But, in truth, how else could an African-American Democratic politician walk? Roger Wilkins, a professor of history at George Mason and both a participant in and observer of the civil rights movement, says that Obama has a political agenda that goes far beyond, but still includes, the issues of discrimination and poverty as matters that must be addressed to achieve a better America. But as Wilkins puts it, “He is not a civil rights era guy, and he can’t pretend to be one. Nobody wants someone whose mind is stuck in and formed by events of four decades ago. This man is looking at America whole.”

American idol. Yet the carefully calibrated distance that Obama has maintained from Jackson and other civil rights era leaders continues to provoke comment. Some who know him say that Jackson, for one, has been quietly hurt by that distance, even while understanding the need for it.

Obama’s critics from the left even charge that he and other members of a younger generation of black politicians–including Massachusetts Gov. Deval Patrick and Newark Mayor Cory Booker–have gone too far in distancing themselves not only from the older leaders but also from the issue-driven movement-style politics of the civil rights era.

“Obama’s politics is corporate driven,” says author-activist Kevin Gray, who headed Jackson’s South Carolina campaign in 1988. “It’s advertising. It’s image related. It hits on broad themes and can’t come down on any issues unless there’s a broad consensus.” Sounding at times a little like Steele, Gray says that he finds talk about an “Obama movement” both revealing and disturbingly empty. “It is dangerous to see a man as a movement,” says Gray, “even if he is identified with change in some big way. We ought to be clear what we mean about these things, or we just end up with the American Idol president.” In light of what the civil rights movement of the 1960s achieved in the areas of law and social policy, why, Gray asks, shouldn’t the new black leaders–whom he calls “smoothy-doothies”–be pressing for equally bold changes?

But many of the old movement people acknowledge that times and challenges have changed. “It’s a necessary choice he’s made,” says Julian Bond, chairman of the National Association for the Advancement of Colored People and a professor of history at the University of Virginia and American University. “You can’t hope to be a governor r president unless you appeal to a broad swath of people.” Still, Bond doesn’t accept that Obama has abandoned the ideals of the movement, even if he operates in ways that are different from those of the old movement leaders. “Listen to what he says; read what he writes,” Bond says. “He’s combining two [political] styles and making them into one.”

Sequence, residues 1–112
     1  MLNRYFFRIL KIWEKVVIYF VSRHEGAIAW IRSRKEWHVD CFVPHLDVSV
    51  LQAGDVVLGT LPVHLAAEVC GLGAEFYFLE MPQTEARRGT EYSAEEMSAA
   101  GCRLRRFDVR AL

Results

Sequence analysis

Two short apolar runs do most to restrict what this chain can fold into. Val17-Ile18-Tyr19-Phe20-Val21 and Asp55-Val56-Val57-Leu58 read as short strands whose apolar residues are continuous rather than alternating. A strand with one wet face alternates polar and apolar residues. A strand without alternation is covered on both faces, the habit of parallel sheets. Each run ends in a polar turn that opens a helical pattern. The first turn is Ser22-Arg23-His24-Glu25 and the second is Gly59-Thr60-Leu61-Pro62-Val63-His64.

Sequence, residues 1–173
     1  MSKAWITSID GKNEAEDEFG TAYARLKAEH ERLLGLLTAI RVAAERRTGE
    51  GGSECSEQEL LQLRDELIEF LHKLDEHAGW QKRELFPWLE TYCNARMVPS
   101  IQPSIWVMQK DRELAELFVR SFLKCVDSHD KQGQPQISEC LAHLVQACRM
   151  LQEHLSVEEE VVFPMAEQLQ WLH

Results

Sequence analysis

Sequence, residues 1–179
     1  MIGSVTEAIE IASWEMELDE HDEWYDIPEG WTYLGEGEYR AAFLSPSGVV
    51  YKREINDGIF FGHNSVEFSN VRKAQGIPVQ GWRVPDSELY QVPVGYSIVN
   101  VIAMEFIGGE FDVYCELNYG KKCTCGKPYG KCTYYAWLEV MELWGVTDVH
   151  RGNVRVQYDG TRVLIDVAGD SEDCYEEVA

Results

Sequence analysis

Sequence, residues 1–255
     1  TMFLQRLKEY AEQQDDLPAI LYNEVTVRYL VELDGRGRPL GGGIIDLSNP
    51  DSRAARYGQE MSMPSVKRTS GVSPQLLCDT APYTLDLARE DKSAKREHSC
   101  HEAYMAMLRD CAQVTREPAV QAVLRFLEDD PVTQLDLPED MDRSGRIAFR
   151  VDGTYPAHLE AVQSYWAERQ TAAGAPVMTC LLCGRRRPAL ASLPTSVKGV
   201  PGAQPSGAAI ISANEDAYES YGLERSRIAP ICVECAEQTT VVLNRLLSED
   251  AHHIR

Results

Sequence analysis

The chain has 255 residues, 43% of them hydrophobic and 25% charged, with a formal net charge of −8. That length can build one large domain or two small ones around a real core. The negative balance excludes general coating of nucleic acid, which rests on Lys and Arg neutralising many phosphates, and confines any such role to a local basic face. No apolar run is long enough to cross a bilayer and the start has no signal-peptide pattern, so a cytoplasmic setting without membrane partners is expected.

Road to White house: 08

Road to the White House

<!–CNN TOTAL DELEGATE ESTIMATE*–>

TOTAL DELEGATES
 
1,327

Obama

1,255

Clinton

971

McCain

233

Huckabee

1,166

Pledged:

1,021

Pledged:

921

Pledged:

230

Pledged:

161

Superdels:

234

Superdels:

50

Unpl. RNC:

3

Unpl. RNC:

Needed to Win: 2,025
Needed to Win: 1,191

Oscars

FACTFILE  
 
  • An Oscar is 13 ½ inches tall.
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  • The red carpet is about 33 feet wide and 500 feet long.
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  • The first Academy Awards were held on May 16, 1929, when movies had just begun to talk.
  •  
     
  • There have been 2,658 Oscars handed out since the first Academy Awards.
  •  
     
  • Winners are forbidden to sell their statuette without first offering them to the Academy.
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  • Only three movies have so far received record 11 Oscars – Ben Hur (1959), Titanic (1997) and The Lord of the Rings: The Return of the King (2003).
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  • There were 306 films eligible for nominations this year.
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  • Kazakhstan is a first-time nominee in the foreign film division with “Mongol.”
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  • A total of 63 countries submitted entries for the foreign language category.
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  • More than 100 photographers will be on the red carpet
  • Oracle Life

    Q. What if your Dad loses his car keys?
    A. ‘Parent keys not found!’

    Q. What if your old girl friend spots you with your new one?
    A. ‘Duplicate value on index!’

    Q. What if the golf ball doesn’t get into the hole at all?
    A. ‘Value larger than specified precision!’

    Q. What if you try to have fun with somebody else’s girlfriend and get kicked out?
    A. ‘Insufficient privileges on the specified object!’

    Q. What if you don’t get any response from the girl next door?
    A. ‘No data found!’ or ‘ Query caused no rows retrieved !’

    Q. What if you get response from the girl next door and her Mom too?
    A. ‘SELECT INTO returns too many rows!’

    Q. What if you dial a wrong number?
    A. ‘Invalid number’ or ‘ Object doesn’t exist!’

    Q. What if you try to beat your own trumpet?
    A. ‘Object is found mutating!’

    Q. What if you are too late to office and the boss catches you?
    A. ‘Discrete transaction failed!’

    Q. What if you see ‘theatre full’ when you go to a movie?
    A. ‘Maximum number of users exceeded!’

    Q. What if you don’t get table in the lunch room?
    A. ‘System out of tablespace!’